The State of Homelessness: Why I Feel Hope Amid Crisis After Traveling Around the Country

I have an amazing job. I have both the honor and the responsibility of leading a federal agency committed to a singular purpose—to end homelessness in the United States. One of the most rewarding parts of my job is that I get to spend time in communities speaking with and listening to the people my agency seeks to help, so their experience and wisdom can guide our work.

I meet with people experiencing homelessness, outreach workers and providers, faith leaders and business owners, and with mayors, governors, and other elected officials. While they may have different perspectives and priorities, they all share one common goal: to live in a community—and a country—where everyone has a home.

Over the past few months, I have traveled to many places across the country—from California, Oklahoma, and Maryland to Texas, Washington state, and Alabama. And what I have seen is that the picture of homelessness in the U.S. is mixed as we emerge from the last two-and-a-half years of a pandemic and economic upheaval.

In many communities, homelessness is rising and becoming more visible. This is in large part due to tight housing markets, increased rental costs, and wages that are struggling to keep up. But the blame is often misplaced on the people sleeping outside who have nowhere else to go and who have been failed by the systems that are supposed to help them.

As homelessness increases and becomes more visible, many communities are clearing encampments—and all too often without connecting the people living in them to housing and services. Some states and cities are passing ineffective and inhumane laws that make it illegal to be homeless and exacerbate the revolving door between jail and homelessness. These “out of sight, out of mind” policies do not solve homelessness.

Far too many people are not only struggling to find affordable housing but also facing tremendous barriers to accessing health care, including mental health and substance use treatment. We are witnessing a rapid and troubling rise in homelessness among older Americans, which by some accounts is the fastest-growing segment of the homeless population. Many hard-working people—suddenly unable to afford not just rent but food to survive and gas to get to work—are becoming homeless for the first time, living in their vehicles. They are staying in “safe parking” lots, if their community has one, so they have a place to shower and charge their phones before heading back to work the next day.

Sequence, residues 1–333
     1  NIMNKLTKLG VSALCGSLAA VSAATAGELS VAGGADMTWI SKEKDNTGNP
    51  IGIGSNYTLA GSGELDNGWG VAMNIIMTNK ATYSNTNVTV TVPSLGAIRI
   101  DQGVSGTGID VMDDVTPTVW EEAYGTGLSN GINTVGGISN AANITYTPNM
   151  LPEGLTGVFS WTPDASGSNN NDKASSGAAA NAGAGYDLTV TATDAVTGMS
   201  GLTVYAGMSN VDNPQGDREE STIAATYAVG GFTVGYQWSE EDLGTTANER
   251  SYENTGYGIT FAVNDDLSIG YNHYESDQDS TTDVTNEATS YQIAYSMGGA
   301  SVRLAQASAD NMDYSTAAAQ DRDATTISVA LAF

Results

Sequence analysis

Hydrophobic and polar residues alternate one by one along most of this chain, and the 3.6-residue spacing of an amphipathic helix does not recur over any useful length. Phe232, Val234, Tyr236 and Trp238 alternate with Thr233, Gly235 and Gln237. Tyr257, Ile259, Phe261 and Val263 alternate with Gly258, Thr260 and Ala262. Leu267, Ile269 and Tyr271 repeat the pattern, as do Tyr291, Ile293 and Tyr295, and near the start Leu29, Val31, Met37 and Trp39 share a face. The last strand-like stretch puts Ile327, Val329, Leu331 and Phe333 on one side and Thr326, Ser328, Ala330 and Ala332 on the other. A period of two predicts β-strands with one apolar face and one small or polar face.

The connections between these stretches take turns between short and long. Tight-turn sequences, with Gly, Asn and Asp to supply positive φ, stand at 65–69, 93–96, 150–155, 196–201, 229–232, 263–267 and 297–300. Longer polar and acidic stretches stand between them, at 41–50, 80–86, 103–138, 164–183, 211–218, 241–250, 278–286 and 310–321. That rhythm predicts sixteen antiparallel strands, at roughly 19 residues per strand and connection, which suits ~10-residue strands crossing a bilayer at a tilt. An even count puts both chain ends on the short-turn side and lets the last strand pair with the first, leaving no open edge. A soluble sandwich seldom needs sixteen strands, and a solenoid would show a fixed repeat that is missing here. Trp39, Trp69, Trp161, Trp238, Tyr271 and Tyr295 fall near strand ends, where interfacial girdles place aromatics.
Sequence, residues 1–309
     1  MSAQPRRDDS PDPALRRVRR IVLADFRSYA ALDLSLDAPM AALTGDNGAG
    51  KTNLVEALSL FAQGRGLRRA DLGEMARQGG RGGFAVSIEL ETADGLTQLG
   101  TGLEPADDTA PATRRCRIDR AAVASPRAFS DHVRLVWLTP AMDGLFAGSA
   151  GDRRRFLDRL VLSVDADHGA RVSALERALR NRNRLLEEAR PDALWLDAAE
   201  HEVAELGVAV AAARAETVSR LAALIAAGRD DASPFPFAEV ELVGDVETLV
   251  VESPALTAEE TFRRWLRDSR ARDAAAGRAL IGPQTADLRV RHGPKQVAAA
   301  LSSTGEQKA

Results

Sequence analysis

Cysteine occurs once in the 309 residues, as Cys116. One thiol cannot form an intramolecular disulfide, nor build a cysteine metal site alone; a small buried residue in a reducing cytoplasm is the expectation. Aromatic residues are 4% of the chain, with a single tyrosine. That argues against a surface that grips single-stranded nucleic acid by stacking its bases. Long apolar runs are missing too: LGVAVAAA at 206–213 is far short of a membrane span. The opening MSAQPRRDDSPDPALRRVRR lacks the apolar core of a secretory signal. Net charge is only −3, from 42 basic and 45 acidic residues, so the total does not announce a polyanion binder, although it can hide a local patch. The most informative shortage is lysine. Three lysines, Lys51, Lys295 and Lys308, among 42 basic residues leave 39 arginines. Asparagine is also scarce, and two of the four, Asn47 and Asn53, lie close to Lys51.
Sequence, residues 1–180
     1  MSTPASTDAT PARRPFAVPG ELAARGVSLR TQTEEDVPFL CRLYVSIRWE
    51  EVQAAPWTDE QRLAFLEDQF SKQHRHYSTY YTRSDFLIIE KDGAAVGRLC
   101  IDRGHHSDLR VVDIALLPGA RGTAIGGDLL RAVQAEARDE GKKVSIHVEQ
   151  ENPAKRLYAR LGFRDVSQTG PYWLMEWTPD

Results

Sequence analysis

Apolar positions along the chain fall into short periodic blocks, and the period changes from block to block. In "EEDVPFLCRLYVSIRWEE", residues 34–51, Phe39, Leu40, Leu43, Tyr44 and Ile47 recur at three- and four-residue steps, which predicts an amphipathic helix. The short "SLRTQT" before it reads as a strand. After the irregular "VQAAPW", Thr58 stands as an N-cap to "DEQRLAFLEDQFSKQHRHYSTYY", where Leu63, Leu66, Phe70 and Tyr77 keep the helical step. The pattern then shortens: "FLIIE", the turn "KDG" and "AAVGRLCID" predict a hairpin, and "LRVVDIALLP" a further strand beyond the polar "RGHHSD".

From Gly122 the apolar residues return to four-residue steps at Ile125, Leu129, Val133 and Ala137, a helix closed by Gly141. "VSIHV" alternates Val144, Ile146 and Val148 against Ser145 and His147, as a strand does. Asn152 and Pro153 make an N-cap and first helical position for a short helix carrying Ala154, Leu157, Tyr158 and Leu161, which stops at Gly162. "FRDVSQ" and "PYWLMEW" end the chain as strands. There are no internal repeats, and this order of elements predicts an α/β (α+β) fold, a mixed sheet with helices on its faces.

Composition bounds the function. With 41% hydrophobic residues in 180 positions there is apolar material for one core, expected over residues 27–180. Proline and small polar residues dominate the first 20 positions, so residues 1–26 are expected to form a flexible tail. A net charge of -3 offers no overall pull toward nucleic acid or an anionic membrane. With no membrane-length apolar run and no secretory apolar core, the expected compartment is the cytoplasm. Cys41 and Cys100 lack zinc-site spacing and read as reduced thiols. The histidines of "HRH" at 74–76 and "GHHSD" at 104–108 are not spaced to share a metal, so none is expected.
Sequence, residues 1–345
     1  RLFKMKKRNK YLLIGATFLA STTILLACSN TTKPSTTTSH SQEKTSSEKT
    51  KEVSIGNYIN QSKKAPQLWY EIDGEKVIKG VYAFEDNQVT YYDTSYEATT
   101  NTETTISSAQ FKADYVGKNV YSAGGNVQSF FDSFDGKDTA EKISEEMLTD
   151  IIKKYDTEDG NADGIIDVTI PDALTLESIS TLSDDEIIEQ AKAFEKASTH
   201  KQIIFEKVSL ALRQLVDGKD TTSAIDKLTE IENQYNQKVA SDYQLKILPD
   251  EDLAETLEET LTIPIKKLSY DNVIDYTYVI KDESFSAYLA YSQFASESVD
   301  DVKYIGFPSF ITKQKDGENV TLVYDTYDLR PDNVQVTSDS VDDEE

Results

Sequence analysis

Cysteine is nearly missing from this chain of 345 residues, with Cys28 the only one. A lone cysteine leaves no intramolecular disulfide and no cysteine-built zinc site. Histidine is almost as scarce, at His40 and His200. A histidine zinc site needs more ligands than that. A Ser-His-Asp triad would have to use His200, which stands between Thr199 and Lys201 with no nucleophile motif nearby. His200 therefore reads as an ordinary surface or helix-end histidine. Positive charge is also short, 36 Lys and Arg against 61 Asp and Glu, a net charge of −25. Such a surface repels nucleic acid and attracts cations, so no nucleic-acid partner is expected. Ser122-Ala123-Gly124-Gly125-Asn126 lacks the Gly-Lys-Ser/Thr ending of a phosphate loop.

All of this points to an urgent public health and humanitarian crisis. At the same time, even during a pandemic, many cities have been able to drive down the number of people experiencing homelessness.

Instead of criminalizing homelessness, these communities—as varied as Houston and Baltimore—have instituted effective, public health-driven strategies that help people access housing and support as quickly as possible, while minimizing negative interactions with law enforcement.

Communities across the country are also reimaging what shelter looks like. They’re using American Rescue Plan funding to convert vacant hotels and motels into temporary shelters or permanent homes for people experiencing homelessness.

At the same time, some leaders in the halls of power and in philanthropic boardrooms are increasing their commitments to eliminate racist, discriminatory policies and to include the real experts on homelessness at decision-making tables: people who have suffered from the trauma of living without a home.

None of these successes would be possible without strong collaboration between city and county governments, housing authorities, nonprofit providers, downtown businesses, the faith community, and the remarkably talented and committed staff of programs working to end homelessness—case managers and outreach workers; doctors, nurses, and social workers; substance use counselors and mental health peer specialists. These essential workers are all too often underpaid and underappreciated. In just the last year, they helped more than 900,000 people escape homelessness, and we need to invest more in the staff and programs that have proven—one person after another, one family after another—that it is possible to end homelessness.

Even in the face of our challenges, I am filled with an unshakeable hope and belief that we can as a nation do better. Despite all the division in our country and in the world, we can come together to create a country where every person has a home.

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Photo: USICH Executive Director Jeff Olivet, center left, talking to stakeholders in Oklahoma.